A Selective Guide to the Arts in Los Angeles

On Saturday night the audience showed up at Disney Hall for the third installment of the LA Phil’s Brahms Unbound series expecting to hear Gustavo Dudamel conduct the Tragic Overture and the Second Symphony, as well as a work for percussion and orchestra called Glorious Percussion by the Russian composer Sofia Gubaidulina.

The audience must have known something was amiss when on entering the hall, they noticed the stage completely consumed with percussion instruments. Then when Dudamel walked on stage with the five soloists for the Gubaidulina, he took a microphone and told the audience that it was tragic that they weren’t going to perform the Tragic Overture because it would be too difficult with the staging for the Gubaidulina. He then joked a bit, but it was no joke to the many in the audience who were there to hear those two works by Brahms. After all, it was supposed to be Brahms unbound, not Brahms slightly unbound.

It was tragic indeed that the overture, one of Brahms’ masterpieces, was sacrificed, especially since it had been scheduled to be on the program for months. Moreover, Dudamel had conducted the Gubaidulina before so he knew what was required to perform it. Why did he wait until the last minute to make the change? At the very least the audience did not get all their money’s worth.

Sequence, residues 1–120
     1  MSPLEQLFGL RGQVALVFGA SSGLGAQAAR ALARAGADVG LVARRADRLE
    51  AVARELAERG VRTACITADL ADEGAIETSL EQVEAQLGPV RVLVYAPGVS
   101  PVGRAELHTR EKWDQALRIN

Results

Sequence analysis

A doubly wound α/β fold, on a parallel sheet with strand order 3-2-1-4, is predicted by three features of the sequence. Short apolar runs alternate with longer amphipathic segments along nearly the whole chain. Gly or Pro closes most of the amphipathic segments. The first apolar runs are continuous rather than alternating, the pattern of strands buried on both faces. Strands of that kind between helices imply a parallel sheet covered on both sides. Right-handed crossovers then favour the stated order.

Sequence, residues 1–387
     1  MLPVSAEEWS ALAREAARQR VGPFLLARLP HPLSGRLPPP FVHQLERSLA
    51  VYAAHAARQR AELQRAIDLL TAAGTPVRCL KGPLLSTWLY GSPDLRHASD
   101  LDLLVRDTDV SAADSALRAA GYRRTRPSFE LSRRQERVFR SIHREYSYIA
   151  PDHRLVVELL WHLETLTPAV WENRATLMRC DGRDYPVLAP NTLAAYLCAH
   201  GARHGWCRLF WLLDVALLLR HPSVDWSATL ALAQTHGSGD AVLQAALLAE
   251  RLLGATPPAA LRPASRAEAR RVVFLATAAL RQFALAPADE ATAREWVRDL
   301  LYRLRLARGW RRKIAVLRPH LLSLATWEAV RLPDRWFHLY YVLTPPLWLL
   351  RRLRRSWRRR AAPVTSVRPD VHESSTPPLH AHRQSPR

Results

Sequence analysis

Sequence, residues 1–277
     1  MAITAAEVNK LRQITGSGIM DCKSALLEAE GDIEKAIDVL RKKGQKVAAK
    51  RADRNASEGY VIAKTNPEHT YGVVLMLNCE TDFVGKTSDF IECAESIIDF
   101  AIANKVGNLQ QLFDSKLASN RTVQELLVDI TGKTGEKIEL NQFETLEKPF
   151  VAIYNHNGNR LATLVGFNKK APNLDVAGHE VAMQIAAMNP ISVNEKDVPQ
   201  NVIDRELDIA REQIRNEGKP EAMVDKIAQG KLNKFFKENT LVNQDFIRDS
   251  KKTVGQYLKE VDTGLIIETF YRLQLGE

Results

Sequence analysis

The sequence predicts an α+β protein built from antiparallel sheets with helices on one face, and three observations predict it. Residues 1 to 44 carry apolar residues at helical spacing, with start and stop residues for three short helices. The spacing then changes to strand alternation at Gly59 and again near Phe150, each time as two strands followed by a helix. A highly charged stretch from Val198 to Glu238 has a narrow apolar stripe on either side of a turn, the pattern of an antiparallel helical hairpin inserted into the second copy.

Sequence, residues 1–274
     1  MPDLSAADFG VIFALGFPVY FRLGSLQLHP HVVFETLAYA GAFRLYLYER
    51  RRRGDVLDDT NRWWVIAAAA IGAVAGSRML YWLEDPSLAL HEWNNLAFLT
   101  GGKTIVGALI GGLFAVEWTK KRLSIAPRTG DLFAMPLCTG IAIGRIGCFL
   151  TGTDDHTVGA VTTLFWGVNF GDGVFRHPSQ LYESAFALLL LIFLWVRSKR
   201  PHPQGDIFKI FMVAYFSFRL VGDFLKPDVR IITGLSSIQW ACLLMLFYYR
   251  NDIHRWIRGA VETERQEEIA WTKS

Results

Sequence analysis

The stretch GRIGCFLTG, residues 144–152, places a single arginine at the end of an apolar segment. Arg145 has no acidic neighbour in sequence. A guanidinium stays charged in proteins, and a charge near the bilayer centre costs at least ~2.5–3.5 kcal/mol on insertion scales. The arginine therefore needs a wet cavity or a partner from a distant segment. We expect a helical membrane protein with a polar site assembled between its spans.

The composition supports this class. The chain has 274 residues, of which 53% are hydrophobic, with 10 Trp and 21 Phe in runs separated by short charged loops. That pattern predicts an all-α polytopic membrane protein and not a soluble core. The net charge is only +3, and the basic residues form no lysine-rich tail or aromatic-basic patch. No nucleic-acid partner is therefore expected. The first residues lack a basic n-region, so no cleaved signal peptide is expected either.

The concerto for percussion by Gubaidulina was a spectacle, both sonically and visually. It seems as if she wrote the work for every percussion instrument ever invented, so much so that it was almost overkill. That’s not to say that the piece wasn’t interesting or that the ensemble, Glorious Percussion, the original soloists for the premiere who named their group after the work itself, weren’t skilled musicians and performers.

Despite the originality of the work, and several instances of wonderful orchestral color punctuated by percussive accompaniment, this piece undoubtedly will not be performed often for the same reason it prevented Dudamel from playing the Tragic Overture. It requires a slew of chimes, xylophones, marimbas, suspended cymbals, drums, Javanese gongs, and other odd instruments, not to mention five soloists.

Of course, the main course was the Symphony No. 2 in D major, Op. 73 by Brahms, and unlike Dudamel’s slower than usual performance of the First Symphony two weeks ago, his performance of the Second Symphony, especially the first and fourth movements, was brisk, erasing somewhat the pastoral nature of the first movement, but enhancing the dance-like feel of the last movement. Dudamel also did not explore the extreme dynamic ranges he did in the First Symphony.

As usual, Dudamel was rewarded by a very responsive and adept orchestra, with stand-out performances by the principal horn Elizabeth Cook-Shen, principal flutist David Buck, and timpanist Joseph Pereira, not to mention wonderful ensemble playing by the trombones/tuba and woodwinds.

Dudamel and the LA Phil produced a wonderful reading of the Brahms, which made it all the more disappointing that the audience couldn’t hear their version of the Tragic Overture. In fact, at about 13 minutes, Dudamel could have included the Overture as an encore. But, alas, that was not to be.